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Article
4 January 2012

Kenneth Feinberg freezes payments from BP oil spill fund [USA]

Author: Rebecca Mowbray, Times-Picayune [USA]

The Gulf Coast Claims Facility has halted all payments for oil spill damage in the wake of a ruling by U.S. District Judge Carl Barbier...that 6 percent of all settlements reached after Nov. 7 be set aside to finance the work of plaintiff attorneys in the oil spill litigation in New Orleans. The move means that thousands of people and businesses waiting to be compensated outside of court for harm they endured when the Deepwater Horizon oil rig exploded and sank in April 2010 will have to wait longer for their money. Payments to about 9,000 people and businesses who have received final determination letters from the Gulf Coast Claims Facility, but have yet to sign the award, are now in play...Freezing payments also escalates a battle between the committee of plaintiff attorneys pressing the case in the trial scheduled to start Feb. 27, and other plaintiff attorneys outside the case, BP, Louisiana Attorney General Buddy Caldwell, and several local parishes, all of whom oppose earmarking money to pay for the plaintiff committee's fact-finding before any determinations of liability are made at trial.

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Article
9 January 2012

BP Makes Amends

Author: Joe Nocera, New York Times

As horrific as the Deepwater Horizon accident was in April 2010…BP has performed quite admirably in its aftermath. It has spared no expense in cleaning up the oil. It has set aside $1 billion to restore the environment and coastal ecosystem…BP also agreed to set up a $20 billion fund to compensate anyone who could show that they’d been economically harmed by the accident. Ken Feinberg…was put in charge of the Gulf Coast Claims Facility, as it was named. Feinberg has since paid out $6.3 billion to nearly 200,000 claimants…[T]he Gulf Coast Claims Facility has been a remarkably effective alternative to the cumbersome way damages are usually meted out after a corporate accident: through the tort system.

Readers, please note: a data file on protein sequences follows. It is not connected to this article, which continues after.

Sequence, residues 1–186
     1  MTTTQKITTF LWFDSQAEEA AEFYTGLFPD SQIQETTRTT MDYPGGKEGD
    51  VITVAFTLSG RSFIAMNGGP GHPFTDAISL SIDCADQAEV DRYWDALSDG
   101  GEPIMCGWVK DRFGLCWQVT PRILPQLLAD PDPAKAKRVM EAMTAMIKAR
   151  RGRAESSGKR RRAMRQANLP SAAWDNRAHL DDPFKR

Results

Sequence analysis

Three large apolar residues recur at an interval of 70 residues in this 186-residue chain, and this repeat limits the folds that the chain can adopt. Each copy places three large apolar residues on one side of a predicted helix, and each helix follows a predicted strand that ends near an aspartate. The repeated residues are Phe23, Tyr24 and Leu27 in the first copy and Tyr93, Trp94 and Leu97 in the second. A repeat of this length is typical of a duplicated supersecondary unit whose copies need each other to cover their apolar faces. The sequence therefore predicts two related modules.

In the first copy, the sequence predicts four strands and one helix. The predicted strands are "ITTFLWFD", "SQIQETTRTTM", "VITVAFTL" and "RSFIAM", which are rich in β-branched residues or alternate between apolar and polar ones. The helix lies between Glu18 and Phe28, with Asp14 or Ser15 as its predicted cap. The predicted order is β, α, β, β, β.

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Article
9 January 2012

Halliburton: Disqualify attorneys as well as BP experts [USA]

Author: Steve Korris, Southeast Texas Record [USA]

Disqualification of BP's cement experts from Deepwater Horizon litigation should extend to lawyers who gained information from the experts, Halliburton Energy Services pleaded in federal court...Halliburton asked Magistrate Judge Sally Shushan to disqualify all counsel involved with CSI Technologies of Houston, owner Fred Sabins and engineer Michael Viator. "The attorneys who worked with Sabins and CSI will inevitably taint the substitute expert," Donald Godwin of Dallas wrote. "BP's counsel necessarily discussed and analyzed Sabins' opinions with him in detail as he developed his expert reports, which were served after he employed Viator," he wrote. "Consequently, any counsel having direct contact with Sabins and CSI are equally tainted, and therefore constitute a potential source of contamination of the substitute expert," he wrote. Shushan disqualified Sabins and his firm on Dec. 8, writing that his decision to hire Viator was the sole cause for her decision. Viator had worked at Halliburton, developing software and strategy for its defense against BP's claims that the failure of its cement caused the explosion.

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Article
13 January 2012

Claimants challenge holdback in BP oil spill case [USA]

Author: Reuters

...[L]awyers for claimants before the $20 billion BP oil spill fund asked a federal judge to reconsider his December order requiring that six percent of future settlements be placed in a reserve account...On January 4, Barbier amended his order to clarify the order would only affect claimants who hadn't received a determination letter from the BP fund as of December 31. That clarification has not appeased lawyers for clients seeking compensation from the fund, known as the Gulf Coast Claims Facility, which is being administered by Kenneth Feinberg. At least seven motions were filed...asking Barbier to reconsider his order..."It would be ironic, as well as grossly unfair and contrary to prior pronouncements of this Court, for claimants whose only possible recovery for their economic damages is through OPA and the GCCF to have those recoveries reduced for work that even this Court has ruled cannot benefit them," he [Daniel Becnel, Jr., an attorney for Gulf Coast Claims Facility claimants] wrote in a filing...Lawyers for the U.S. Department of Justice, which is a party to the oil spill litigation, objected to Barbier's order as well.